This month we look at the latest data about Article Processing Charges (APCs). Per article pricing is a fundamental building block for all paid publishing models, so our review provides an invaluable insight into how costs of open access continue to evolve. This year, prices in general are increasing, some significantly. Important nuances in the distribution of prices continue to affect the value and cost of paid publishing models.


Each year we survey the list Article Processing Charges (APCs) of a sample of major and significant publishers. Covering over 20,000 titles, and going back to 2016, our data set represents one of the most comprehensive reviews of open access pricing.

To compare like for like, we analyze non-discounted, CC BY charges. We take a snapshot at the end of every January, so we can track yearly changes while controlling for the different times of year that publishers may update prices.

Headline Changes

Going into 2024, we have seen significant price increases.

  • Fully OA list prices across our sample have risen by around 9.5% compared with those set a year ago.
  • Hybrid list prices have risen by an average of 4.2% over the same period.
  • Maximum APCs for Fully OA journals remain at $8,900.
  • Maximum APCs for Hybrid journals now top out at $12,290 (up $600 from last year).
  • The last big jump in prices happened in 2020-2021, when the high-impact journals started offering OA options for the first time. This served to drag up average price increases. They subsequently fell back to averages.

Underlying trends continue.

  • There are almost 3x more Hybrid journals than Fully OA ones. Hybrid journals follow (or, rather, set) a similar pattern to the market overall.
  • On average, Fully OA prices are around 62% of Hybrid prices. But, after a few years of widening, the gap is showing signs of narrowing – it was 58% last year but 63% the year before that.
  • Around 31% of our sample of Fully OA journals charge no APCs.
  • Price rises vary significantly by discipline. Arts & Humanities and Social Sciences have seen particularly large average increases, especially in Fully OA journal prices.

Price Distribution

Marketwide headline price changes mask important nuances. We have discussed previously that the most important nuance lies in the spread of prices within a given publisher’s portfolio. For example, if the bulk of a publisher’s journals lie towards the lower end of its pricing, with just a few journals priced at the high end, the average (mean) price will be higher than most authors pay.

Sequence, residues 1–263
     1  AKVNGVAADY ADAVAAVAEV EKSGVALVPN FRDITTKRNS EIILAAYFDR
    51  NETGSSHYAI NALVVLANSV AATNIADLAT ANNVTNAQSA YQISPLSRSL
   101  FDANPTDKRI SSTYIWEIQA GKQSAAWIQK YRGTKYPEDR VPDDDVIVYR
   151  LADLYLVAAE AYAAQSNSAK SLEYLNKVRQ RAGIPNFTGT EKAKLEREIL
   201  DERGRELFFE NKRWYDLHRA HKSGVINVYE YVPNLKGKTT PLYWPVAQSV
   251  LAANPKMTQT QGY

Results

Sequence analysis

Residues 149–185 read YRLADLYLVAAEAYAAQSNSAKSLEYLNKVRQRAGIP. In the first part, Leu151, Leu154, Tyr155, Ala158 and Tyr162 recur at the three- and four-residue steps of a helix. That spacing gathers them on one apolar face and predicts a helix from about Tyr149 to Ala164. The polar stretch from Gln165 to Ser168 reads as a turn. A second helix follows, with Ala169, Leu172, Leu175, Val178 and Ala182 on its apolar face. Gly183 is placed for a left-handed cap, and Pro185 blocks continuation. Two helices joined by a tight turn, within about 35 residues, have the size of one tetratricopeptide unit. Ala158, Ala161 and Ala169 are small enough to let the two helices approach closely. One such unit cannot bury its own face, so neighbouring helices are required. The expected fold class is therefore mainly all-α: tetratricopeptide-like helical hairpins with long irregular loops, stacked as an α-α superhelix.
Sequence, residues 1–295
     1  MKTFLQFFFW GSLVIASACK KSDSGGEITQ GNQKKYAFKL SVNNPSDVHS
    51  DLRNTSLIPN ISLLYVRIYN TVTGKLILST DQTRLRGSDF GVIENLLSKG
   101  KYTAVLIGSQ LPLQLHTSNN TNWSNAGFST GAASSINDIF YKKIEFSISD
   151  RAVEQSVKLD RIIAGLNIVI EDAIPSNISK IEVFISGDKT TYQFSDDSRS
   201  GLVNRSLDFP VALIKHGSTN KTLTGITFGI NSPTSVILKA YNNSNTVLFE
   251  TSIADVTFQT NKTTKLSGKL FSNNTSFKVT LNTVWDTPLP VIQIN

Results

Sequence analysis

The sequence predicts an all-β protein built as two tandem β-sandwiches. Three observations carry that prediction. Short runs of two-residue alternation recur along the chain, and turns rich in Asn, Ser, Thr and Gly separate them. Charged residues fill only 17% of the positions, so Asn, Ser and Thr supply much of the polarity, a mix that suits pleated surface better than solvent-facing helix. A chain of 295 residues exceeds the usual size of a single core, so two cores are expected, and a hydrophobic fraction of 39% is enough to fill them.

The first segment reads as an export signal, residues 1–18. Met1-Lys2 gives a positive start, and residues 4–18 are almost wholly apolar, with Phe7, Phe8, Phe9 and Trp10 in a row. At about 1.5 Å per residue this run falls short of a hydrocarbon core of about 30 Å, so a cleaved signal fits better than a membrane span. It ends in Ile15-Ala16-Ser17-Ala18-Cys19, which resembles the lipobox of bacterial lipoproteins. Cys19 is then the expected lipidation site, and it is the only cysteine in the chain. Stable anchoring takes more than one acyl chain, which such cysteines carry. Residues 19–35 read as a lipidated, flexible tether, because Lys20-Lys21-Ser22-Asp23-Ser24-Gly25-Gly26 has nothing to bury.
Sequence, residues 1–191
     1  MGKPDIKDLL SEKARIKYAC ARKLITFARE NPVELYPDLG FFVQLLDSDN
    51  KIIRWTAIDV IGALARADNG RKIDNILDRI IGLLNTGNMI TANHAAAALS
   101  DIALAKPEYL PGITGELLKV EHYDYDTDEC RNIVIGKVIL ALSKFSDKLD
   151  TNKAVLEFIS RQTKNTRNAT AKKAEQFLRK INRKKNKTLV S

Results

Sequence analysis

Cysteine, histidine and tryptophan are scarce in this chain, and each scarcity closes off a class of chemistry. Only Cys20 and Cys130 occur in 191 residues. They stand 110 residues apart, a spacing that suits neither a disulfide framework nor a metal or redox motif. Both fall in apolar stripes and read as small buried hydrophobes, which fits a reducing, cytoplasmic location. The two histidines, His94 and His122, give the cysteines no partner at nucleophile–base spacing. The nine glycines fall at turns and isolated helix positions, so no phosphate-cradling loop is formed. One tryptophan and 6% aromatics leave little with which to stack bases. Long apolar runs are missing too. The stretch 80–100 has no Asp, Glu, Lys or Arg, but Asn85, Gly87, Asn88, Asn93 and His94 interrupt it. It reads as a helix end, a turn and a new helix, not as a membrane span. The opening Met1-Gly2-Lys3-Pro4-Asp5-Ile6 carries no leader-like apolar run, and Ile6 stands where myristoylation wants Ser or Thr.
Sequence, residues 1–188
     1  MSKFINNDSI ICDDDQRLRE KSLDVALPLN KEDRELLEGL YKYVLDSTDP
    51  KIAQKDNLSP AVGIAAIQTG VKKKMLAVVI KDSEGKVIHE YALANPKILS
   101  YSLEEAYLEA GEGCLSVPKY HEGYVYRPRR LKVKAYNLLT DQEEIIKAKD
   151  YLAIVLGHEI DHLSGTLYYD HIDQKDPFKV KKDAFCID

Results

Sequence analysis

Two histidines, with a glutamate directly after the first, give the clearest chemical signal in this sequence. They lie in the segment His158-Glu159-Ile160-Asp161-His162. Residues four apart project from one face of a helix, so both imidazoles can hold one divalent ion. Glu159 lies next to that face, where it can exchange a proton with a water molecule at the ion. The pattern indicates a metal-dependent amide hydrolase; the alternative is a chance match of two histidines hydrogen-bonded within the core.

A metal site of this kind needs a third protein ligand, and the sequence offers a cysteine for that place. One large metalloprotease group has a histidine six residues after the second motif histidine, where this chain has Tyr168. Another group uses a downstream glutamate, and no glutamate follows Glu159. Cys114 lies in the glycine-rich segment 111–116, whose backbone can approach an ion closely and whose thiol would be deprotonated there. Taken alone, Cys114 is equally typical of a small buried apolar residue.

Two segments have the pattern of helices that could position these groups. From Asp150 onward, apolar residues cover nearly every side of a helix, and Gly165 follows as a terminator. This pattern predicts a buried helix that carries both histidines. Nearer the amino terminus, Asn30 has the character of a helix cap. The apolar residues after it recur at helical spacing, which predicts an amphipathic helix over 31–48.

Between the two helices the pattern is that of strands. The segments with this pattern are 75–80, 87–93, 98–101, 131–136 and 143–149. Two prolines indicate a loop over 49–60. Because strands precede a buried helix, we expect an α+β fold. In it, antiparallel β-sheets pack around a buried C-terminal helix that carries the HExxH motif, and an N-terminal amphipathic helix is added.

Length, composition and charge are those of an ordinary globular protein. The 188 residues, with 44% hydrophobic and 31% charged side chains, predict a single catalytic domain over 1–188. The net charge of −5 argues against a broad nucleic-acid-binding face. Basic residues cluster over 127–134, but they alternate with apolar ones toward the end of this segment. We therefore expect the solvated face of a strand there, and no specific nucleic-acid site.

The following figures show how the spread of prices plays out in the market across our sample of publishers. The figures are outlines of histograms, showing how many titles sit in various price bands over the successive years of data we have curated. The red line shows the most recent year’s prices. The lines become greener as they go further back in time. Subscribers to Delta Think’s Open Access Data and Analytics Tool can see full details of axes.

Hybrid Prices

The spread of price bands for Hybrid journals is shown in Figure 1 below.

The overall spread of prices has remained relatively constant over time.

  1. A few years ago, in 2019-20, the most popular price band shifted slightly towards the lower end of the market and remained there for a few years. However, in 2021-22 it moved back up to its historic high and has remained there since.
  2. The very highest prices increased in 2020-21, when high-impact journals started offering Hybrid options. For clarity, the chart combines the very highest APCs into one band on the right-hand side.
  3. Average prices paid are heavily influenced by the shape of the curves on either side of the peak. Notice how the curve on the right side of the peak is becoming shallower over time. This suggests that increasing numbers of journals are priced higher than average, and so average prices paid will increase. The curve to the left of the peak was getting shallower, but it is now getting steeper. So, the moderating influence of lower-priced journals is now reducing. The height of the peak has not changed, suggesting that the total number of journals has not changed significantly since last year. We are therefore seeing a movement in price bands of existing journals to increase average prices paid, as higher APCs are becoming more prevalent.

Fully OA Prices

The Fully OA landscape is shown in Figure 2.

The data suggest that both the number of Fully OA journals and their average prices continue to increase.

  • The peak of the curve is getting higher and moving to the right, so we are seeing an increase in the most popular price band and in average prices.
  • The secondary peak suggests the presence of a significant number of journals cheaper than the most popular price band, which will serve to moderate the increase in average prices.